Teaching People How To Enlarge Web Pages: Task Definition

Many people need to enlarge Web pages to better see information. People with cognitive disabilities often require larger text sizes to better comprehend information as well.

To develop a best practice for teaching a Web page (text) enlargement skill, I will conduct in-person teaching to groups of people with cognitive disabilities. Specifically, I intend to teach people to use a keyboard with a Web browser to enlarge Web pages. Many browsers will enlarge pages in response to the pressing of two keys: the plus key and the Control key (IBM) / Command key (Mac).

Functional Objective

Given a Web page that may contain images, but must contain text, learners will press two keys to enlarge page content.

Outcome Measure

Learners will open a novel Web page and, without instruction or prompting, enlarge its contents.

Component Skills To Be Taught

Pressing Keys

Learners will:

  • locate the correct keys (2)
  • hold-down one key for at least 3 seconds with sufficient force to be recognized by the computer
  • hold down the one key and tap the other key by pressing it with sufficient force to be recognized by the computer, and immediately releasing it

Completing Sequential Steps

Learners will:

  • follow a multi-step chain of behaviors
  • identify the start- and end points of the behavior chain
  • repeat the behavior chain

Prerequisites

Learners must be able to:

  • respond to textual-, auditory- and/or video-based instruction
  • press keys with their fingers or with equivalent assistive-technology
  • press the correct keys only
  • open a Web page with Internet Explorer

Computers must be:

  • IBM-compatible
  • attached to a monitor and a keyboard or equivalent assistive-technology
  • using Internet Explorer as the default Web browser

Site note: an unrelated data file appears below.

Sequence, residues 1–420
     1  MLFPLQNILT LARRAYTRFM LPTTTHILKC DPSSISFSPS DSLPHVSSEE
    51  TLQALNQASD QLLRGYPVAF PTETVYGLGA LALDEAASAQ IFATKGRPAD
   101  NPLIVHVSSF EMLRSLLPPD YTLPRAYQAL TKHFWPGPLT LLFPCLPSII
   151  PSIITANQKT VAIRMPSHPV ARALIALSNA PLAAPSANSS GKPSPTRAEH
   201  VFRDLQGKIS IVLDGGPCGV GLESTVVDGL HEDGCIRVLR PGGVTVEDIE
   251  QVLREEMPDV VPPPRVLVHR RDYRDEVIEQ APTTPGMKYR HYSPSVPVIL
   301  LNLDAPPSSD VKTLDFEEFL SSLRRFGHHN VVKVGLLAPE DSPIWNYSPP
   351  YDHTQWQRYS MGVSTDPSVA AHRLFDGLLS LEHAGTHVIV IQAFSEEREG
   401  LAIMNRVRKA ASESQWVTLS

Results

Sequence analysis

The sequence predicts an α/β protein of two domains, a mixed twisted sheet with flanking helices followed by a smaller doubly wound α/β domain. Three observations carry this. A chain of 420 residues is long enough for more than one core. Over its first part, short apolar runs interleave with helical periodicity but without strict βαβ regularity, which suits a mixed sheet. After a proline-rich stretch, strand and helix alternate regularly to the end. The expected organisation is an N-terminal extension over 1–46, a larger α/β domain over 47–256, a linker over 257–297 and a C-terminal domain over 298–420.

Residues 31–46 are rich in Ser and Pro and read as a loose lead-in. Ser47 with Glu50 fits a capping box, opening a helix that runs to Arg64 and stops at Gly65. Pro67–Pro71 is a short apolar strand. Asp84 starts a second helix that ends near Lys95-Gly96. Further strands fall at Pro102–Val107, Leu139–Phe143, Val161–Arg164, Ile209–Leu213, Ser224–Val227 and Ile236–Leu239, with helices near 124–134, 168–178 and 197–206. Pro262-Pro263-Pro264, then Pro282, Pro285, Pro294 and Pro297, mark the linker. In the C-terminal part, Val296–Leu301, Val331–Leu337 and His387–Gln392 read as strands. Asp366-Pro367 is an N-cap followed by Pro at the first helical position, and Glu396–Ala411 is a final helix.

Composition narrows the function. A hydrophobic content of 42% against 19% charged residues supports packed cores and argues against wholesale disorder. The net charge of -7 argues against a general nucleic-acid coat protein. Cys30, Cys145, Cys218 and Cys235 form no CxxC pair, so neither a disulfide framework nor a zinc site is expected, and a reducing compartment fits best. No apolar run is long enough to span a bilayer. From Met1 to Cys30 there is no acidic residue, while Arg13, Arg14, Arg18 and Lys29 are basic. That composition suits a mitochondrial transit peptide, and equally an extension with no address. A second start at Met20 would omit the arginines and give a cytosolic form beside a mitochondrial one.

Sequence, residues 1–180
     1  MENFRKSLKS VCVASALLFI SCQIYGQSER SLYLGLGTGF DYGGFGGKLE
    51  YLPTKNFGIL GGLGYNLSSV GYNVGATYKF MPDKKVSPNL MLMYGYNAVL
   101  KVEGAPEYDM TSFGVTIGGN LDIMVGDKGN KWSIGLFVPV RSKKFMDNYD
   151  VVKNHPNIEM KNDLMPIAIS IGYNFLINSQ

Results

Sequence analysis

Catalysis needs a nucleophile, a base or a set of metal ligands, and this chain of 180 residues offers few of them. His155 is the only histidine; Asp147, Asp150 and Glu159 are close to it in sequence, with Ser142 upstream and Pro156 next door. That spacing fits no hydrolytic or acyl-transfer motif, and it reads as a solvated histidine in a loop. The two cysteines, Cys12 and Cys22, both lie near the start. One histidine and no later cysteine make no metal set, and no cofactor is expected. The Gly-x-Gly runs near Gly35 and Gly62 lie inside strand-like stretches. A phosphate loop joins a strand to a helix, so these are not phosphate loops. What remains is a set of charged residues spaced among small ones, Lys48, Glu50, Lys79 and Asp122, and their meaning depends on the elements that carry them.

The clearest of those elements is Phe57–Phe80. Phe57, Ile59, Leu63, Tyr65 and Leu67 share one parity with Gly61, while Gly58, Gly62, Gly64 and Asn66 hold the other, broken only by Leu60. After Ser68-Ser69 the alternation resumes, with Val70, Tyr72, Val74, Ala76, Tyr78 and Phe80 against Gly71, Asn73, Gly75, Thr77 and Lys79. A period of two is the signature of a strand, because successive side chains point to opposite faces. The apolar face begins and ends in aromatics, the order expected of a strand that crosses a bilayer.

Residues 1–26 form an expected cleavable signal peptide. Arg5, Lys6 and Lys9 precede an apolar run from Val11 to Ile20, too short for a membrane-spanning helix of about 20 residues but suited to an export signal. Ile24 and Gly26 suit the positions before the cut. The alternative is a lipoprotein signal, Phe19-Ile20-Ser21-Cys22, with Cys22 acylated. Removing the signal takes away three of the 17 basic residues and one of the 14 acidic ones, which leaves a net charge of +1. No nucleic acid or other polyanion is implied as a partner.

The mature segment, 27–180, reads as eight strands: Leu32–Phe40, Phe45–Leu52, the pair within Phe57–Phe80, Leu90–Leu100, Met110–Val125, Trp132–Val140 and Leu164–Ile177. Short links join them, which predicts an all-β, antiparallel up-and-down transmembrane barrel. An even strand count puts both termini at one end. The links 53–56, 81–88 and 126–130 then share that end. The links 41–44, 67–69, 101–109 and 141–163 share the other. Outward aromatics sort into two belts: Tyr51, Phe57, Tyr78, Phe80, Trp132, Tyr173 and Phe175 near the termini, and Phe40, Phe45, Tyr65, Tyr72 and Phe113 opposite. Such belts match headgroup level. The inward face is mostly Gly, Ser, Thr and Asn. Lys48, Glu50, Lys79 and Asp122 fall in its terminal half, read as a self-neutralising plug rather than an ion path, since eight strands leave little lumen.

• connected to the Internet

Notes:

4 Responses to “Teaching People How To Enlarge Web Pages: Task Definition”

  1. Jim Tobias Says:

    Hi — I’m not denying the value of increasing the size of content, but won’t this mean that users may have to scroll to see everything on the page, which is also a cognitive challenge? Sorry if I don’t understand what you’re after….

    Like

    • John Rochford Says:

      Thank you for your question. Your point is a good one.

      Whether people enlarge an entire page or just the text of it (my specific goal), scrolling may be needed. I don’t know how to mitigate that problem. Please let me know if you have any suggestions.

      Like

  2. Cliff Tyllick Says:

    John and Jim, I suggest you try this method with a variety of websites. I’m not sure of the difference in coding that creates this difference in behavior, but I’ve noticed that not all websites get wider than my monitor. Some never get wider, whereas others do — and, at some point, these sites get wider than my monitor. Then I do have to scroll in two directions to follow the content. So is it having to scroll at all that you perceive as a cognitive challenge, or having to scroll in two directions?

    John, why are you restricting the users to Internet Explorer and Windows? Every browser I’ve used supports this technique regardless of operating system.

    I *am* really interested to know the outcome of this study. The question of how hard it is to get people to understand that they can increase font size with two keys on their keyboard has come up in a number of discussions I’ve been in. As usual, we all have our own firmly held opinions, but none of us have any data.

    Like

    • John Rochford Says:

      Thank you for your comments, questions and interest.

      I don’t know that vertical scrolling is a cognitive challenge. I expect it may be, but perhaps not as much as horizontal scrolling would be to view the contents of an enlarged Web page. At this point, I have no plans to address and/or to teach scrolling skills.

      About the teaching of page (text) enlargement, I am not restricting users to Internet Explorer and Windows. However, the most economical approach is to so restrict in-person- or Web-based training. The good news is that, even with that restriction, I expect the acquired skills will be easily generalized to other Web browsers (e.g., Firefox and Safari) and the Mac platform. The two-key combination is ubiquitous.

      Like

Comments are closed.


%d bloggers like this: